Yatsenyuk said the issue was one of global security. He cited the 1994 Budapest Memorandum — inked by the U.S., UK, Ukraine and Russia — which guaranteed Ukraine’s territorial integrity in return for the dismantling of its massive Soviet-era nuclear arsenal.
“We executed this memorandum,” he said. “And today we ask for the protection. If we don’t get this protection, tell me the way how the world is to reinforce or ask another countries to stop their nuclear programs.”
Of course there are other international legal provisions which should prevent Russia from grabbing Ukrainian territory; these include the provisions of the Conference on Security and Cooperation in Europe (CSCE) treaty and the U.N. Charter. But, as with the Budapest Memorandum, there aren’t any clear enforcement mechanisms.
International legal experts say they are hardly surprised by the Kremlin’s brazen land grab, pointing to what seems a long-term policy of strategic separatism in the Black Sea region.
Lada Roslycky, a past fellow of the Harvard Black Sea Security Program, said that aside from violating national and international laws, the Crimea referendum is being held under the duress of Russian military occupation.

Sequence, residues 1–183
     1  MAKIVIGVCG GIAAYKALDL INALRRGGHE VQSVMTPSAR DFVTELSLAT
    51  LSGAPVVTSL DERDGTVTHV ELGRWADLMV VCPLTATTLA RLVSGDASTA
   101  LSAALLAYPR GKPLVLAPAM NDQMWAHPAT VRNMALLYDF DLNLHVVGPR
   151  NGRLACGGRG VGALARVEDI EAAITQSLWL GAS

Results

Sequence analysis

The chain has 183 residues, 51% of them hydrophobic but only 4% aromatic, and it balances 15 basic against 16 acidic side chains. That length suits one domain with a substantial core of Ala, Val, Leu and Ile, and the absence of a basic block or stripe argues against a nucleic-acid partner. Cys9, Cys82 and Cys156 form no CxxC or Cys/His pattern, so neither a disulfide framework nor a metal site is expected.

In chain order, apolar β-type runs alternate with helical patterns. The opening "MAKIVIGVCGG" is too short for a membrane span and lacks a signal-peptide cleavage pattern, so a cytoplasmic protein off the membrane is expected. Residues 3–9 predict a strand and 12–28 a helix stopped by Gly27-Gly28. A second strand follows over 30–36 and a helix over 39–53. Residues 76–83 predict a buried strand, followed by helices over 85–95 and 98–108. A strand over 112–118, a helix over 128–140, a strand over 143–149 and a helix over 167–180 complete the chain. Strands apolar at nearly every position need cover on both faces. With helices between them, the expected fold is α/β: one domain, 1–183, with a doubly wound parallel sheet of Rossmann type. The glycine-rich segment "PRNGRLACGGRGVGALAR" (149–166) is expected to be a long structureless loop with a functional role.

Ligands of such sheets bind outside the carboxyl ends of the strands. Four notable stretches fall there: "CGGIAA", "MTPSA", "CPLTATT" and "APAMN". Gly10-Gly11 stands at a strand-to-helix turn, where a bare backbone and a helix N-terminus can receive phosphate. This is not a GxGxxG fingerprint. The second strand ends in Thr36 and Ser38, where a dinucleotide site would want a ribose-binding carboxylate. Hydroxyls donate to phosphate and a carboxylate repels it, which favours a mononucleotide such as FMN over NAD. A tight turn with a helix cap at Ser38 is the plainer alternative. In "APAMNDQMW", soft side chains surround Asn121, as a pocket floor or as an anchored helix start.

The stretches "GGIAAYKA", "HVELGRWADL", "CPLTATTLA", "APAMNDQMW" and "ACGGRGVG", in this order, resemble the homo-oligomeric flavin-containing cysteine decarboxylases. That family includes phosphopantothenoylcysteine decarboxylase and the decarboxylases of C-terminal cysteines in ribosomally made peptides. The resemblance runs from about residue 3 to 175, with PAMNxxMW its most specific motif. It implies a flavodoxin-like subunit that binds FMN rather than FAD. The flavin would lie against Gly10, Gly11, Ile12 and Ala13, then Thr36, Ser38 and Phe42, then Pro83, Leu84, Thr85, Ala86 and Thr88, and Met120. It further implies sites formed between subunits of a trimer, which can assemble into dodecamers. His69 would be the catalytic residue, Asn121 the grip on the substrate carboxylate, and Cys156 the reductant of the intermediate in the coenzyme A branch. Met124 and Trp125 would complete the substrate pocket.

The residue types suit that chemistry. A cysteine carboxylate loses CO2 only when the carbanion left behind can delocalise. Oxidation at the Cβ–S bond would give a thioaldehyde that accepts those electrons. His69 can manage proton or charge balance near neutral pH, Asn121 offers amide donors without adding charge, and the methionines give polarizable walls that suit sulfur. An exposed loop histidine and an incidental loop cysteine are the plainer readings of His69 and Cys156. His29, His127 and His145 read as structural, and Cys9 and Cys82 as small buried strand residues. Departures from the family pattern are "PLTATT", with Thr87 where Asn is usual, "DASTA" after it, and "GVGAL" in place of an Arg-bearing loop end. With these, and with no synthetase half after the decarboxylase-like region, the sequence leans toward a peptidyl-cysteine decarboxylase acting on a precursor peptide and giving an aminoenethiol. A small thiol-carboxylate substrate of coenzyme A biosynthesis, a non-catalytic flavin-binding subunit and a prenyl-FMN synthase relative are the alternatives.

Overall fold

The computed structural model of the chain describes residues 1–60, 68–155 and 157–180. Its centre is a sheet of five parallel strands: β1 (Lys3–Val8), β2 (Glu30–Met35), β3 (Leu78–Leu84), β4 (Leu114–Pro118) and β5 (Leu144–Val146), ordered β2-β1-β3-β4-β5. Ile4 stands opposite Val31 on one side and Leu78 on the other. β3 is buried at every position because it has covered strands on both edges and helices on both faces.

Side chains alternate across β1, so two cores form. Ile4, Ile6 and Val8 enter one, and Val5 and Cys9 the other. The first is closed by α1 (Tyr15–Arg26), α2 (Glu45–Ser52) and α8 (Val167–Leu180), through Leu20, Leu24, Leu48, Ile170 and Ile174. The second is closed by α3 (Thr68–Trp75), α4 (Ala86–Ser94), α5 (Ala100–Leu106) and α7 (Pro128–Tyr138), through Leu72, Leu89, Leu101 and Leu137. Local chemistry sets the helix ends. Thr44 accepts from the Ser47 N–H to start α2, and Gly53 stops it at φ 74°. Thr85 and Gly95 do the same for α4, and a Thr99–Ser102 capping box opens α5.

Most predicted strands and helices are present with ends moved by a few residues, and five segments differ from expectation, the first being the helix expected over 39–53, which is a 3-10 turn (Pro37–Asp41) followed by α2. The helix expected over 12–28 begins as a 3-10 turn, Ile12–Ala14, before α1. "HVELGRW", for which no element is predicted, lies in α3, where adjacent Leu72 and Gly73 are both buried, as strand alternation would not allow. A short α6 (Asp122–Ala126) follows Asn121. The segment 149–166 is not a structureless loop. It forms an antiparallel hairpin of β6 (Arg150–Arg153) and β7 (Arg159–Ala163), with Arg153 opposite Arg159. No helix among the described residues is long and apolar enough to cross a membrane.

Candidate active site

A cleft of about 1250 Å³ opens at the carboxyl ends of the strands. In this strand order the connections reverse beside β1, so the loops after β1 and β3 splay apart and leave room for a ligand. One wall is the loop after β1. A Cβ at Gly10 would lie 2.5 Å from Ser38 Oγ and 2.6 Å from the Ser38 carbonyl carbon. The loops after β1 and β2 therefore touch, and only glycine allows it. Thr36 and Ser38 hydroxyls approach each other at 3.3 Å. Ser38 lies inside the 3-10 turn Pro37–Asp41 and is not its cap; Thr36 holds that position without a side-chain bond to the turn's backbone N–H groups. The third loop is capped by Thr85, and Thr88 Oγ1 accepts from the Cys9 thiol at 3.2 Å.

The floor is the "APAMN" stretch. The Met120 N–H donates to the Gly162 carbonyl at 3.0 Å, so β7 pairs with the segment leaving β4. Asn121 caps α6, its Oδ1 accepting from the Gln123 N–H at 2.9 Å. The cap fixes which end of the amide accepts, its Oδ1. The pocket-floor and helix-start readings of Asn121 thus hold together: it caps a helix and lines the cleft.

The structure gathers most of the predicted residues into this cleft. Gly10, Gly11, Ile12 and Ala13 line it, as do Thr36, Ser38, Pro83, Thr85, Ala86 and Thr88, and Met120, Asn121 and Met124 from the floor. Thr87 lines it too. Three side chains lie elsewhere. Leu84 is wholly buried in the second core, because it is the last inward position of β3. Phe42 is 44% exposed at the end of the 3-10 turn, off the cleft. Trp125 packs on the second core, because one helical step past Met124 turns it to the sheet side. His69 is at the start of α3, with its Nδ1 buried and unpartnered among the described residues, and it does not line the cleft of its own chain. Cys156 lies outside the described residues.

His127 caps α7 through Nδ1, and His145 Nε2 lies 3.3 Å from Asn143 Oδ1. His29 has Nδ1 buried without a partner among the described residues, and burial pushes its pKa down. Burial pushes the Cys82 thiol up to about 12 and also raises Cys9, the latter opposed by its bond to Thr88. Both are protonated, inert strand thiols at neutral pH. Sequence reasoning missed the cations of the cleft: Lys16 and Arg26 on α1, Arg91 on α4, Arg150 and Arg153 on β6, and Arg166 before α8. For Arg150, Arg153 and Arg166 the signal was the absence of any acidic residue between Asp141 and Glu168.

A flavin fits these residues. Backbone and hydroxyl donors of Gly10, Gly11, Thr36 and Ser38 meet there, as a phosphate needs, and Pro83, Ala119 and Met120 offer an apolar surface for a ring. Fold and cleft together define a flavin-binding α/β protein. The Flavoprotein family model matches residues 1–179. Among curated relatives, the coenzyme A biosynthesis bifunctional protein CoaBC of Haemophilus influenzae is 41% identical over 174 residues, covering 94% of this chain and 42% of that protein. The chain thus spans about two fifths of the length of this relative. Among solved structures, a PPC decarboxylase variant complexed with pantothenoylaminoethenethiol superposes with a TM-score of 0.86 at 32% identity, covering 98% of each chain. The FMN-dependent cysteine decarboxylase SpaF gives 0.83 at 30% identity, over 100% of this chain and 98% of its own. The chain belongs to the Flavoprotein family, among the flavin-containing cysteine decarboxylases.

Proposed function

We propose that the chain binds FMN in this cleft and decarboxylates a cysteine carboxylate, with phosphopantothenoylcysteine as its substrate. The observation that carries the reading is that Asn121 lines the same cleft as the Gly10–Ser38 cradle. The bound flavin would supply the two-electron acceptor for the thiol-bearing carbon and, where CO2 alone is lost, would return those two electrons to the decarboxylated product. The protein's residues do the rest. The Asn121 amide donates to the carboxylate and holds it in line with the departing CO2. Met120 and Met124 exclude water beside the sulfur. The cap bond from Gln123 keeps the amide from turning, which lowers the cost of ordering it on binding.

“The referendum, if recognized, will deface non-proliferation and support illegal Russian Federation operations elsewhere,” says Roslycky.
Putin says Russia’s actions fall within the scope of the 1997 Friendship Treaty between Ukraine and the Russian Federation. But with Russia apparently in operational control of the Crimea it’s absurd to claim Ukraine’s territorial integrity has been respected.
At the end of the day, it will be the actions of greater powers that will determine whether Putin blinks over his Crimea strategy. With talk of suspending Russia’s membership of the G8 and even of barring its participation in the World Cup, the Kremlin could decide to back down.
But with Putin being quoted as saying such nonsense as Ukraine did not leave the former Soviet Union in a legal way, it is anyone’s guess what might happen next.
Michael Bociurkiw is a writer and commentator on world affairs. He worked in Ukraine for the U.N. and as a media analyst for Canada’s election observation mission in 2012. He has written frequently on Ukraine since the 1980s for many media outlets. The views expressed in this commentary are solely his.